Mar 21, 2023 | Nutrition, Science
Since this substance was first discovered in male seminal fluid in 1878, it was given the name spermidine. However, nowadays it is known that this polyamine is present in all living organisms and body cells. This natural substance is not only produced by our cells, but we also absorb it to a large extent through our diet.
Spermidine is a secondary plant substance found in a variety of foods – for example, legumes, wheat, mushrooms, cauliflower, aged cheese, or mangoes. Spermidine is formed during the germination process, so sprouts such as germinated wheat, buckwheat sprouts, and soybean sprouts are particularly good sources of it.
Spermidine is involved in the production of nucleic acids and proteins, making it important for cell growth and tissue regeneration. In addition, spermidine can trigger and accelerate autophagy. This process is used for cellular “cleaning” and serves to keep the cells healthy and resistant. In the process, damaged and old cellular parts are broken down and disposed of, and the building blocks are recycled. This promotes cellular metabolism and self-healing, and higher levels of spermidine can counteract the cellular aging process.
Since the body’s production of spermidine decreases with age, it is important to consume spermidine through diet, or supplements if there is an increased need. Studies have shown that spermidine intake correlates with improved cognitive performance and has neuroprotective effects. Spermidine activates cell-protective processes and even has a life-prolonging effect.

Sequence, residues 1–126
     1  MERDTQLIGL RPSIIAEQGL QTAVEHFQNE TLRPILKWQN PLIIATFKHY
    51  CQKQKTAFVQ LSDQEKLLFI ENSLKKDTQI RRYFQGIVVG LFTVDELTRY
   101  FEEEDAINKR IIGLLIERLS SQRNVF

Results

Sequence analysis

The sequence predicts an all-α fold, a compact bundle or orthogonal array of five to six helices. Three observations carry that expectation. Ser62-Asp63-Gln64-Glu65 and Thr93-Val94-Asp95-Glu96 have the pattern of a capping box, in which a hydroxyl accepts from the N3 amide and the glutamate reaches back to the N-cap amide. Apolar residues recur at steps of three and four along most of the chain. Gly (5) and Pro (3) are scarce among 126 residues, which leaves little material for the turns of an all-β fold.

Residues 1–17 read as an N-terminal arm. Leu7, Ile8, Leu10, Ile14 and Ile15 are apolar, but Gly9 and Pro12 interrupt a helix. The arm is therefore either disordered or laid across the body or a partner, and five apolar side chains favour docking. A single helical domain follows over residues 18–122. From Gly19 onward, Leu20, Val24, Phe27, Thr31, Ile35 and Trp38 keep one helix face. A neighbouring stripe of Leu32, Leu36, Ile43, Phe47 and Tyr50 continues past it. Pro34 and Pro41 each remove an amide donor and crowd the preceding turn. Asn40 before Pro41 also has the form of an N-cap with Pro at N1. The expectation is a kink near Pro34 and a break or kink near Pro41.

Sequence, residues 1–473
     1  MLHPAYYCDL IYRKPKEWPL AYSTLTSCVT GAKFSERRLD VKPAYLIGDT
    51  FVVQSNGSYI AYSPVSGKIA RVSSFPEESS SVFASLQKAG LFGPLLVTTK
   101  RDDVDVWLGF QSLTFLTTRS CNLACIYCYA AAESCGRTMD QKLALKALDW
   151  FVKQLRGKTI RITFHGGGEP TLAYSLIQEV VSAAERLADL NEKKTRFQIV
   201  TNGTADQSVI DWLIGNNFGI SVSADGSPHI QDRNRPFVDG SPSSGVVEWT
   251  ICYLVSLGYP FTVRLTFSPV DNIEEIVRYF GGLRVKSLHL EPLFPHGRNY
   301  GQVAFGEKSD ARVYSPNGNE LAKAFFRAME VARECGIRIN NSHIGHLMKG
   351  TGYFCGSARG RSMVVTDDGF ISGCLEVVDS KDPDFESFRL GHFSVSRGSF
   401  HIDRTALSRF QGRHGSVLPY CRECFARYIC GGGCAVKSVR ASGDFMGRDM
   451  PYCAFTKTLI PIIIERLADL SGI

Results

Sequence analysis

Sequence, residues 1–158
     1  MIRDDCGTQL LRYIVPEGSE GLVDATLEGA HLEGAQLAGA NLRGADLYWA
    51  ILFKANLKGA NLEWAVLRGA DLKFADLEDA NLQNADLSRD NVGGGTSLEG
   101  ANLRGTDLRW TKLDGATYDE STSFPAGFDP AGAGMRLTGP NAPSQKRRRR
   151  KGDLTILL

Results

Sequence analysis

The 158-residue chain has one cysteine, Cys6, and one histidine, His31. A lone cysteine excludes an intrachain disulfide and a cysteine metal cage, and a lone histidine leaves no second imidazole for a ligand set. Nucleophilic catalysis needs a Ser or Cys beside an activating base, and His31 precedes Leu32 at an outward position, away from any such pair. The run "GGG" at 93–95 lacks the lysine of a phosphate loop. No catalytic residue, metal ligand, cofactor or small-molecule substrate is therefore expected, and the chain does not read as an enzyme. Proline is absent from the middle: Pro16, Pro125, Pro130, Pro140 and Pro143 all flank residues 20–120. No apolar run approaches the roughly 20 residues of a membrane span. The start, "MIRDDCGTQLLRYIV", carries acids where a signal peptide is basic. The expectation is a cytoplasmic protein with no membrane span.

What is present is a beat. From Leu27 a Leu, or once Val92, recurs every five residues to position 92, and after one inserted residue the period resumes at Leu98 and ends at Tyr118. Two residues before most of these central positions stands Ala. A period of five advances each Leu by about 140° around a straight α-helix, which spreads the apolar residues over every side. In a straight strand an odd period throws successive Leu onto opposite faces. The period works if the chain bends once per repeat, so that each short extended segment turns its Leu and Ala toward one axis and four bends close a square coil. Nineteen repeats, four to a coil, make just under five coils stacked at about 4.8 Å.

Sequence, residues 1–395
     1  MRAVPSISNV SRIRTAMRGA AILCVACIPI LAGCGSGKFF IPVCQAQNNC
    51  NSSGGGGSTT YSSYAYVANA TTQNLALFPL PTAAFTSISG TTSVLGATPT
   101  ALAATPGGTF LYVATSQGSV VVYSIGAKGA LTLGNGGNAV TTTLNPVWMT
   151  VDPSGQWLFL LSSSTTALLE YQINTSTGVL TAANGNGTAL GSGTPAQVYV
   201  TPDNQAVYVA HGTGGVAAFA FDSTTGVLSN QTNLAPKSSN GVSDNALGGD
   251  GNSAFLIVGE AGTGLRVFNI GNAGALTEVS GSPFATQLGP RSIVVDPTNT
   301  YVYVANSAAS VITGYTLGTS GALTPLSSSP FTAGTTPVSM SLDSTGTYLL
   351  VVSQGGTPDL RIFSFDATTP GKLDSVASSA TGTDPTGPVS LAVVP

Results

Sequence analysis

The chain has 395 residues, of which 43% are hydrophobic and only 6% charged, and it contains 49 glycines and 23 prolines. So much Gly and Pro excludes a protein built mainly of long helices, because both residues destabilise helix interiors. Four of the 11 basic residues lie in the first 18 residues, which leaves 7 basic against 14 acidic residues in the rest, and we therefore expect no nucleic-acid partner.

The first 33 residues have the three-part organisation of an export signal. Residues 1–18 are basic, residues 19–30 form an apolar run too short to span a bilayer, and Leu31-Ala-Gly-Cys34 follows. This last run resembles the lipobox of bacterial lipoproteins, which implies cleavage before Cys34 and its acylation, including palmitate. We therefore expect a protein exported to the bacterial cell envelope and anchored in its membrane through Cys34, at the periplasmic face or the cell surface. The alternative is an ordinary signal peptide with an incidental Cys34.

For this purpose, at least 6 mg of spermidine per day should be consumed in the diet. Already 80 to 100g of germinated buckwheat are enough to reach the daily recommendation.
Buckwheat sprouts are not only an excellent source of spermidine, but you can grow them quickly and easily at home. All you need is buckwheat, water, a sieve, and a pot or a bowl. To prepare this superfood, soak a cup of buckwheat with two cups of water in a pot overnight. On the next day, strain the buckwheat, pour away the water and leave the buckwheat in the strainer over an empty pot/bowl so the air can circulate underneath. On day 2, the buckwheat in the sieve should be briefly “washed off”, this serves to add moisture to the sprouts. The buckwheat begins to germinate already on day 2. A total of 3 to 5 days is enough for sufficient spermidine to form (while the phytate content is significantly reduced).
You can find a video on how to grow buckwheat sprouts at home and how to make a healthy breakfast out of them on our Instagram page.
We had our germinated buckwheat sprouts tested in a laboratory for spermidine content. The most concentrated food supplement currently available – Tecsperm was used as a control. The results show that already 100g of sprouted buckwheat (3 days) contains the daily recommendation of 6mg of spermidine.
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